The Honey Bee Colony
The story behind what appears to be the casual movement of Honey Bees from flower to flower is the discovery of an industrious and tireless society. Honey Bees are social insects. They band together and divide labor. The Honey Bee's society is made up of three types of individuals with sharply defined duties and functions. The population of the colony numbers from about 70,000 in late summer and consists of one Queen, several hundred Drones and thousands of Workers.
The Worker Bee
The female Worker Honey Bee is the laborer of the colony. Workers gather all the nectar and pollen, feed the larvae and pupae, supply water, secrete beeswax, build comb and do many other tasks. The Worker starts as a fertilized egg, which hatches into a larva. The larva grows, matures and soon changes into the next form called a pupa. The pupa then matures into an adult Worker Honey Bee. The entire metamorphosis takes only 21 days. During the summer honey flow, June through August, Worker Honey Bees travel about 55,000 miles to gather enough nectar to produce one pound of honey.Each individual Worker will only produce about 1/2 of a teaspoon of honey and about 1/80th of a teaspoon of beeswax. However, an entire colony will produce up to 200 pounds of honey annually!
The Queen Bee
Honey Bee colony life revolves around the Queen Honey bee. Without the eggs that she lays the entire colony would die. She begins life as an ordinary female worker larvae, but by feeding on an extremely rich mixture of food, provided by young Worker Bees called Royal jelly, becomes a Queen. A new Queen can be produced at any time, if the young Workers choose, by feeding any female larvae less than 48 hours old Royal Jelly. The Queen's function is to lay eggs. Day after day the Queen lays thousands of eggs which will develop into more Honey bees. She is continually surrounded, protected and fed by young Worker Honey bees.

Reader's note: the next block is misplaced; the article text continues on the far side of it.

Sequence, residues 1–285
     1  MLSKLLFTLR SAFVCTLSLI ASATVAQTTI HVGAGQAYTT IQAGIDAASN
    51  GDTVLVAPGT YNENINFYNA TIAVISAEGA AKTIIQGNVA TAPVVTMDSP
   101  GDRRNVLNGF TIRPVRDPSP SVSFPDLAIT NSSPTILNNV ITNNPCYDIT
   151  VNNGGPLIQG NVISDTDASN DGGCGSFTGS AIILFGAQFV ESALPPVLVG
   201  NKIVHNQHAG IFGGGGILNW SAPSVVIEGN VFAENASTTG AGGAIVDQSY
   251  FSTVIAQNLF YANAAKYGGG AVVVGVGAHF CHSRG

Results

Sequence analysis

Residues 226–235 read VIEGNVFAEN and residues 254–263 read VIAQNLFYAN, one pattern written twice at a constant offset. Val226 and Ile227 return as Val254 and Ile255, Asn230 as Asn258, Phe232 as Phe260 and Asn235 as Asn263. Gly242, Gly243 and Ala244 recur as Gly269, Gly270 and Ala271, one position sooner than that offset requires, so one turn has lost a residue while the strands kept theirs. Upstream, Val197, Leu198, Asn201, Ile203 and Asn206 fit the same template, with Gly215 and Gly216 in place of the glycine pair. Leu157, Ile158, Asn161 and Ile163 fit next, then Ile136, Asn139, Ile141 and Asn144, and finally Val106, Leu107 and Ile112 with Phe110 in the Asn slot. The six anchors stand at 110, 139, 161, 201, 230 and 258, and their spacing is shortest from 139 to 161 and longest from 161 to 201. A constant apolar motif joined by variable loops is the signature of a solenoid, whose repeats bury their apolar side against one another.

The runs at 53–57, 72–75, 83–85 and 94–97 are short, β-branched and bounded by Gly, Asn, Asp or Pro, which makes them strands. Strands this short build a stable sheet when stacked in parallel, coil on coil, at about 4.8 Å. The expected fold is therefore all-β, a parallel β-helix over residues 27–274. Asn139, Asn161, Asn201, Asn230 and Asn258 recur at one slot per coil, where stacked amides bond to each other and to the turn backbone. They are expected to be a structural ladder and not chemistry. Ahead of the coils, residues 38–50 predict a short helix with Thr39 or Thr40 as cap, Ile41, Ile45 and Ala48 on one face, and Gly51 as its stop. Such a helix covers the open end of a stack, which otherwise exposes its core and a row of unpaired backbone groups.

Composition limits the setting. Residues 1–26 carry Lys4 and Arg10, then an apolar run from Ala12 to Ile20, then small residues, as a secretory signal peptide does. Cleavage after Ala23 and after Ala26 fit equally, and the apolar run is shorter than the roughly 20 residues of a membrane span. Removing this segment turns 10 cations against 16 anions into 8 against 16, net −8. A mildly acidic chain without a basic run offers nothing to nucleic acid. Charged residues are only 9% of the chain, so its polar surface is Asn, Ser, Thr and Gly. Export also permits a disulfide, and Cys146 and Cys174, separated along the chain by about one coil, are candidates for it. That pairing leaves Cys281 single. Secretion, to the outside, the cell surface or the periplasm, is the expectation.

The Drone Bee
The Drone is the male Honey Bee. He is larger than the Worker and smaller than the Queen. Except for mating, the Drone is an expendable member of the colony. Drones do not collect nectar or pollen nor do they make beeswax. In fact they are driven from the colony as winter approaches where they perish from cold and starvation.
How Honey Bees Work
Most all flowers produce a sweet liquid to attract insects, primarily Honey bees, so that pollination can take place and assure the survival of the plant species. Honey bees make honey from nectar found inside the flower blossom. Field Worker Honey Bees collect the nectar and carry it back to the hive in pouches within their bodies. The Field Worker Honey Bee gives the nectar to young Worker Honey bees back at the hive, who then place the nectar in a beeswax comb made up of six-sided cells. The excess water is then evaporated from the nectar. After a period of time the nectar is transformed into Pure Honey. Some Workers collect nectar, some collect pollen and some do both. In terms of economic value the Workers that collect pollen are the most important to you and I. Honey is just the sweet secondary reward that we collect from Honey Bees. If Honey Bees ceased to exist today, about one-third (1/3) of all the foods we eat would disappear! Why? Because of the lack of Honey Bee pollination!
Worker that collects pollen from the flower packs it into pellets
on her hind legs. As she travels from flower to flower, the
pollen brushes off onto a special pollen receiving structure
called the stigma in the center of the flower. This process
is called Pollination and allows all flowering crops to reproduce.
The outcome is fruit, vegetables, nuts and a wide variety of
seeds that are used for human and animal foods. For this reason
many people keep Honey Bee Hives on farms and near gardens.
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© 1995-2013 Albert W. Needham